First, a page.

Listed in: Chemistry, as CHEM-165
The concepts of thermodynamic equilibrium and kinetic reactivity will be studied. The course seeks to understand the dynamics of chemical reactions. Specifically, we will be exploring the issues that control whether a specific reaction can occur (i.e., if it is even possible) and how fast a feasible reaction will occur. Closely connected to the first concern is the position of chemical equilibrium, which defines the direction in which a reaction will proceed and the extent to which it will occur. In spite of its universality in describing systems at equilibrium and whether interconversions are possible, thermodynamics makes no statement about the rate at which equilibrium is approached. We will use the language of thermodynamics to investigate chemical kinetics, the study of factors that determine reactions rates. This course is designed to utilize the background of those students with strong preparation in science and mathematics and to provide both breadth in subject matter and depth in coverage. Each laboratory section is limited to 24 students; sufficient sections will be added to meet total enrollment. Four class hours and three hours of laboratory work per week.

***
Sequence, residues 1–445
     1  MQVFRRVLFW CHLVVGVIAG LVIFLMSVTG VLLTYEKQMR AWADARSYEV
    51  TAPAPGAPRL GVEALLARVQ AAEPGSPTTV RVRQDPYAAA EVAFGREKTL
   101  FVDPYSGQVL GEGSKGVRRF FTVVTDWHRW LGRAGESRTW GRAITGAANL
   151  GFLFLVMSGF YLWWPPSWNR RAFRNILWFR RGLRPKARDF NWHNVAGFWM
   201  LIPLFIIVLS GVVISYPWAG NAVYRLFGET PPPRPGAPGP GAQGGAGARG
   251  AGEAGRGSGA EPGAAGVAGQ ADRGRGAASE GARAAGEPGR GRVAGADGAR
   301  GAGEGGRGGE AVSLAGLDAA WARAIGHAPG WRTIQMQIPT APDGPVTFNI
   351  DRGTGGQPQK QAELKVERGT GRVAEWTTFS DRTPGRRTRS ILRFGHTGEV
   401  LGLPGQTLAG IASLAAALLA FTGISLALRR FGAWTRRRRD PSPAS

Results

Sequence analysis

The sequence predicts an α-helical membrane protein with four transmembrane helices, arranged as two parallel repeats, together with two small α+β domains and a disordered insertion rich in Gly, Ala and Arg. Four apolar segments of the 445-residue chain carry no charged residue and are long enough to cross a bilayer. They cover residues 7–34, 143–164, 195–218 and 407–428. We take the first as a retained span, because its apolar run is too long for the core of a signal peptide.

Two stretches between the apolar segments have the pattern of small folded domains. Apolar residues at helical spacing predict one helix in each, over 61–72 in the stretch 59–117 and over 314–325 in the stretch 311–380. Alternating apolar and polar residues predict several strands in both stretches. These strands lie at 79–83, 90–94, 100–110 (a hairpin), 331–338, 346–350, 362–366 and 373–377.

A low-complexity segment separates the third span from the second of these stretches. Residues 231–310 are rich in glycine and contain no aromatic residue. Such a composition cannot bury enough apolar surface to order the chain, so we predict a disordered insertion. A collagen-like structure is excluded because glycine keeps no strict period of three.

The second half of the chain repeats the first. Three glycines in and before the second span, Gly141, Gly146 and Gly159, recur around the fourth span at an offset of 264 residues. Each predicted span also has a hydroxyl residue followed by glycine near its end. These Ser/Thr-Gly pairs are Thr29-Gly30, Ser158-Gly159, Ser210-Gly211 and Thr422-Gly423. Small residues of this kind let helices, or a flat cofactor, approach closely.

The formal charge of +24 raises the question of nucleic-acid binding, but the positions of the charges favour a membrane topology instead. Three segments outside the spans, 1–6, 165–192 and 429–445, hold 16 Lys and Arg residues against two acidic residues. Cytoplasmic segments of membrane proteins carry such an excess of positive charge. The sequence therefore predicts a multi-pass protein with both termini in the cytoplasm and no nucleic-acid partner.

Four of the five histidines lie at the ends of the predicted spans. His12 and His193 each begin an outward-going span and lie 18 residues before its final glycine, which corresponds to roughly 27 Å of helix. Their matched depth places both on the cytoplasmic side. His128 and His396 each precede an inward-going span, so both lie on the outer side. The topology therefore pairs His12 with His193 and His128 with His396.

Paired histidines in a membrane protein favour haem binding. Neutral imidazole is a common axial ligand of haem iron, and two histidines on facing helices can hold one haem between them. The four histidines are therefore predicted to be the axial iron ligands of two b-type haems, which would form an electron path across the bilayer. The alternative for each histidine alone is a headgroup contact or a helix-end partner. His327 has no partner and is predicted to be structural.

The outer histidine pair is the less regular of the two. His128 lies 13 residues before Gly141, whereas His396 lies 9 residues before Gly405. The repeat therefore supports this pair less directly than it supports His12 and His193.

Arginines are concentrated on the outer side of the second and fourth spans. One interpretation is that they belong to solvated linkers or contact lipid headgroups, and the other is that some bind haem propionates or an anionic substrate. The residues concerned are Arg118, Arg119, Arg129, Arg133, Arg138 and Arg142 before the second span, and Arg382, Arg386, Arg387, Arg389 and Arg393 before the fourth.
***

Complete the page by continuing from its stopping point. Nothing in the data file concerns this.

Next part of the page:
In Spring 2021, it is our hope that the CHEM 165 lectures will be offered in-person with all meetings also accessible to students who participate in the class through remote learning. If this proves impossible or impractical, then the lectures will be presented online only. Discussion sections will be presented in person for those on campus with one or more sections offered online for those participating through remote learning. It is likely that laboratory sections will be offered entirely online. Office hours will be offered both in person and online.
Requisite: CHEM 155, or consent of instructor; MATH 111, or placement by the Mathematics department into MATH 121 or higher.
Spring semester. Professors Leung and Marshall.